Kid Cudi excited and relieved his fans with a memorable, energetic performance on Saturday night – and the Cleveland-bred rapper/singer had a special message for any listeners struggling through their own problems.
Cudder rocked the inaugural ComplexCon at Long Beach Convention Center on Saturday night, performing songs such as “Pursuit of Happiness,” “Frequency” and “Erase Me” during his return to the stage. Travis Scott, Pharrell and King Chip joined him on the stage as special guests, rocking through collaborations like “Surfin’,” “Through The Late Night,” “Way Back” and “Just What I Am.”
Saturday was Cudi’s first performance since a heartfelt Facebook letter from early October, where he revealed that he was checking into a rehab facility to receive professional help for depression and suicidal thoughts. He said this his sixth album Passion, Pain & Demon Slayin’ was still on schedule for release, and that he planned to make it out in time for ComplexCon.
“I feel ashamed. Ashamed to be a leader and hero to so many while admitting I’ve been living a lie. It took me a while to get to this place of commitment, but it is something I have to do for myself, my family, my best friend/daughter and all of you, my fans,” he wrote. “…I am not at peace. I haven’t been since you’ve known me. If I didn’t come here, I would’ve done something to myself.”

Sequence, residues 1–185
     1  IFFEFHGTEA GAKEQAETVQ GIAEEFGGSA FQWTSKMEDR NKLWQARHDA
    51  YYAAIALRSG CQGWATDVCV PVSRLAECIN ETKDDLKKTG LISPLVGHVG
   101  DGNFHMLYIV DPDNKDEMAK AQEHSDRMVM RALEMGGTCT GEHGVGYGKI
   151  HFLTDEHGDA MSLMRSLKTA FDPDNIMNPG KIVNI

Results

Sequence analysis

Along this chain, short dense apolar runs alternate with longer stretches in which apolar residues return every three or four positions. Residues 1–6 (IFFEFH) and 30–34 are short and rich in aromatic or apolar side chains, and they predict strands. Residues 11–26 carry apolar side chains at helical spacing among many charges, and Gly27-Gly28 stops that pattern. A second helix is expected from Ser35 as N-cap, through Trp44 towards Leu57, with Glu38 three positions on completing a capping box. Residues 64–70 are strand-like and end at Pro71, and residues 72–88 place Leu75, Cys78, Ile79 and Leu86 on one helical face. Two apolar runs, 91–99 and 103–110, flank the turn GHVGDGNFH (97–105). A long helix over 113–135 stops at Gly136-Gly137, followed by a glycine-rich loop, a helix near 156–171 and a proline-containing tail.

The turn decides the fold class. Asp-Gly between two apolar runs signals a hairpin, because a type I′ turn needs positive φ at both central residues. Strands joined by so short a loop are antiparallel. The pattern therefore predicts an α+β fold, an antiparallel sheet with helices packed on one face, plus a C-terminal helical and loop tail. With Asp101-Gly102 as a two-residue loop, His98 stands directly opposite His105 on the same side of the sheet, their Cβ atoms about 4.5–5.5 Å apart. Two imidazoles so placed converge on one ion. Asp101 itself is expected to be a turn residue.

Since the announcement, the music videos for the Pharrell-assisted “Surfin'” and “Frequency” have been released, and he tweeted a barb at Drake after being dissed on the latter’s new song “Two Birds One Stone.” But there was still uncertainty on whether he would be able to finish his treatment in time for ComplexCon, the new festival put on by Complex.
Fortunately, he was able to follow through with those plans. And he had a message of hope for any other fans who were struggling.
“We can make it through. I am living proof,” Cudi said on stage. “I am living proof.”
Watch footage of the performance below.
is a journalist who covers music, pop culture, film/TV, race, culture and social justice. He is an editor at Okayplayer, and his work has appeared in Complex, Billboard, Guardian, NPR, MTV, Ebony, HipHopDX, The Flint Journal-MLive, and other publications.